Author: Gene

Wire – Red Barked Tree
Pink Flag | January 2011

It’s no irony – Wire stopped being ironic with their inception – that the track “Two Minutes”, on their newest album Red Barked Tree, clocks in at 2:01. As the band’s website declares, they’ve been “confounding expectations” since the release of their debut, 1977’s Pink Flag.

“Two Minutes” is a career-defining moment: one that acknowledges the past (and Pink Flag’s 21 tracks, some under a minute long, were a harbinger for the age of Attention Deficit Disorder, sound bites, channel surfing) – but provides a “welcome to the age of fragmentation” – all while employing one of their signature sounds, industrial punk.

As a fan of the band (not just their debut), it always amused me when someone would declare their affection and appreciation for Pink Flag – as if that’s when Wire stopped defining what would come. Their second incarnation (in the 80’s) would signal the approaching industrial influence in pop music (culminating in records like My Bloody Valentine’s Loveless). The yin-yang braintrust of Colin Newman and Graham Lewis have always been ahead of the curve – their music career, to me, an infinite jest at the music industry’s expense.

Their present –and what could be considered third – incarnation (minus founding member/guitarist Bruce Gilbert) addresses, among other things, the aforementioned “fragmentation” (some say fracturization) of society, environmental issues – all very contemporary concerns.

But none of this would matter, really, if the songcraft wasn’t solid. And it is. Sonically, this might be one of Wire’s – dare I say – most listenable and accessible albums, with nods to their prior incarnations, but also some truly epic moments (“Adapt”, with treated piano and horn flourishes, is a thing of beauty), as well as more of the expected-unexpected (acoustic guitar!- on the title track).

Paradoxically, on Red Barked Tree, Wire continues to confound expectations by not confounding their potential audience – and that’s a good thing.

Smells Like:

The Decemberists Make a Prince of a Record

The Decemberists – The King is Dead
Capitol | Released January 18, 2011

Let’s face it – the Decemberists aren’t everyone’s cup of tea. They’ve fallen into the good graces of literary fans, literate celebrities (oxymoronic as that may be) and people who like pirate AND Victorian references delivered by the bar band that will forego the complimentary drinks until AFTER they’ve played. They’ve created the most clever lyrics this side of Stephen Merritt, and can still threaten to create a children’s book.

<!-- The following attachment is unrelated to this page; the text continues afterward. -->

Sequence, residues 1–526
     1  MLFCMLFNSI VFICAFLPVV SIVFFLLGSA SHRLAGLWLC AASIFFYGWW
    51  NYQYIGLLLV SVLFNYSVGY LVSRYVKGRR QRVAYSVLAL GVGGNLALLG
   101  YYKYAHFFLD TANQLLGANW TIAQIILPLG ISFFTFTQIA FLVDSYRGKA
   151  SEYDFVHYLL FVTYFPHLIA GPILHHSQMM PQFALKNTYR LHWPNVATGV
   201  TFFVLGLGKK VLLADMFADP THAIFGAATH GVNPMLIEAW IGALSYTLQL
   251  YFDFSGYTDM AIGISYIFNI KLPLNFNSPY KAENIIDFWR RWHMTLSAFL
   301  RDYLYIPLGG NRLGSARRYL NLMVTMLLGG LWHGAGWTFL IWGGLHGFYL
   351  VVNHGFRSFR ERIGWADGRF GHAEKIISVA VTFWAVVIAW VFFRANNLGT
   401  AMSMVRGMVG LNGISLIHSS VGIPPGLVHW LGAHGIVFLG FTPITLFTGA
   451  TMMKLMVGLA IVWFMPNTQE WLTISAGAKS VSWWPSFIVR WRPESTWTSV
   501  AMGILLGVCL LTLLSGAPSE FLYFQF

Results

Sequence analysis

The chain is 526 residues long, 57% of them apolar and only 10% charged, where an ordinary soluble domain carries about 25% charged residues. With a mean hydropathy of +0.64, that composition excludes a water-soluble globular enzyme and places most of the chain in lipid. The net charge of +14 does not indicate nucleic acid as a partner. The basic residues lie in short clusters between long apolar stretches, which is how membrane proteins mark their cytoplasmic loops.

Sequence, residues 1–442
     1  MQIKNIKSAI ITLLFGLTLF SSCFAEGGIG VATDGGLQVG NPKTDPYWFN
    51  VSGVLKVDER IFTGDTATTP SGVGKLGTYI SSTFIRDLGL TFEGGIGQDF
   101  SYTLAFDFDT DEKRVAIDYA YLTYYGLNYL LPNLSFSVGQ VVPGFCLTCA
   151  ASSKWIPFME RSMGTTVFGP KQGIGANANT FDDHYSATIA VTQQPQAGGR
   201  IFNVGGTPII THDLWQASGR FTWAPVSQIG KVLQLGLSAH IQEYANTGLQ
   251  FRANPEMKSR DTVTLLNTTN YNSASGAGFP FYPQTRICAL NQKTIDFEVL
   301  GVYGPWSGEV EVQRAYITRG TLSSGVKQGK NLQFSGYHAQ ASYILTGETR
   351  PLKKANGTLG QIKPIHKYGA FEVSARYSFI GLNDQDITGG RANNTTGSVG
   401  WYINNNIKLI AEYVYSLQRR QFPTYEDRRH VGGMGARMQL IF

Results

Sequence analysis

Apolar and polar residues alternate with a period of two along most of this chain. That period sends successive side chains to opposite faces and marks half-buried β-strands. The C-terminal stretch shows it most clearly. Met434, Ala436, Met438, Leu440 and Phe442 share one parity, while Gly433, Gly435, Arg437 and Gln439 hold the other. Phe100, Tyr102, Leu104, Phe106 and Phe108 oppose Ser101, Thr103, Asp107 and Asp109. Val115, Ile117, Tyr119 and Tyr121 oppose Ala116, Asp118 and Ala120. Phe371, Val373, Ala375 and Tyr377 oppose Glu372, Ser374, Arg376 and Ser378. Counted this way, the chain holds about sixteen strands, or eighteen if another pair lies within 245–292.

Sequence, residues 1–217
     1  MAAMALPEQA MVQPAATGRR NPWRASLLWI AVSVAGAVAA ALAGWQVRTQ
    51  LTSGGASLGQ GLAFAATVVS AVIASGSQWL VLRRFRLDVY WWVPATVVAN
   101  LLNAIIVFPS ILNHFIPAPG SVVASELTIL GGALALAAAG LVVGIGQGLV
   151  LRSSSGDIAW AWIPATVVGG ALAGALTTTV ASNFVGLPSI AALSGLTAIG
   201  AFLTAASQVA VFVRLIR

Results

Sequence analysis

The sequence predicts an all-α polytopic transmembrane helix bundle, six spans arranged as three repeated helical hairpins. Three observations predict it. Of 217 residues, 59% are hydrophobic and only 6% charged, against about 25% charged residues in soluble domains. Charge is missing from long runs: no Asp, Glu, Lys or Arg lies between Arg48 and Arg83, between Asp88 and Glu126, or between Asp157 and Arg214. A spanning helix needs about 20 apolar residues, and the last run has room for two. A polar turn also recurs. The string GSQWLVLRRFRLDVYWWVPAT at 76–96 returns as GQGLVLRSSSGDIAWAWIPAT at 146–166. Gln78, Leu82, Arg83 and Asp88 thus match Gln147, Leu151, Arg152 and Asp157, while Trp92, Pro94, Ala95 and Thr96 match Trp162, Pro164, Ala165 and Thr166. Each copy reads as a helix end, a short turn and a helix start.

Well, I’m part of their target audience (an English teacher who loves Victorian literature!); but, as a long time fan (their debut, Castaways and Cutouts, is still one of my favorite albums), I have to admit to becoming less enthusiastic upon each successive release. Where their sound was still hyper-literate, their fragility was beginning to lose its appeal to me.

So it is with a welcome relief that The King is Dead features a band more comfortable showcasing its musical chops, rather than relegating them to frame Meloy’s wordplay.

Their sound isn’t heavy – like the more aggressive sound of their last release, The Hazards of Love – but simply fuller. Meloy’s often twee, and affected, vocal stylings (its distinctness being a sometimes blessing, sometime curse) have been somewhat tempered here – which might bother some longtime fans…but endear those who weren’t. Though Jenny Conlee has always provided perfectly capable female accompaniment (along with her solid work on keys and organ), there’s no denying that Gillian Welch’s presence brings an air of maturity that Meloy seems to be stepping up to. Their solid chemistry is apparent right off, with opening track “Don’t Carry it All”.

Rumor has it that this record was recorded in (near?) a barn – and that would explain many things, including the overall “twangi-ness” of this their 6th long player. This shows up in “Calamity Song” – where it’s impossible not to hear Peter Buck’s signature guitar sound (recalling Reckoning-era REM), and a more than healthy nod to the Southern roots of Americana. This trend continues with “Rise to Me” – lap steel (Mr. Chris Funk’s handiwork is subtly apparent throughout) carries this tune, with harmonica bookends.

“January Hymn” might be one of the prettiest songs they’ve created – no mean feat, a poetic way to signal the most contemplative season – and the creation of one of their richest records.

In the eyes of this fan, it’s good that the king is dead; long live the Decemberists.

Smells Like:

 

OK, so my internal clock knew it was almost Oscar nomination time (January 25th), and I’m one of those people that still cares (and even throws an Oscar party, where invitees have to bring a dish inspired by a Best Picture nominee – I’m already thinking “True Grits…corny, I know).

I love films, and there are some that are inseparable from the music associated with them. I’ve never been a fan of musicals (I believe they’re the most difficult type of films to do well), but I’ve included a couple.

Just in case you need an inspiration/memory jog, go here.

This is Spinal Tap – it is difficult to say how profound this film has been in ridiculing the music industry, bands in general, documentary filmmaking., and Stonehenge. Hello Cleveland!

Hedwig and the Angry Inch – who knew that a musical about a transvestite could be this good! And gummy bears!

30th Century Man: Scott Walker documentary – the first third of the film is essential viewing, 2nd third for frustrated Romantics like me, the last third for fans of difficult listening (me too!)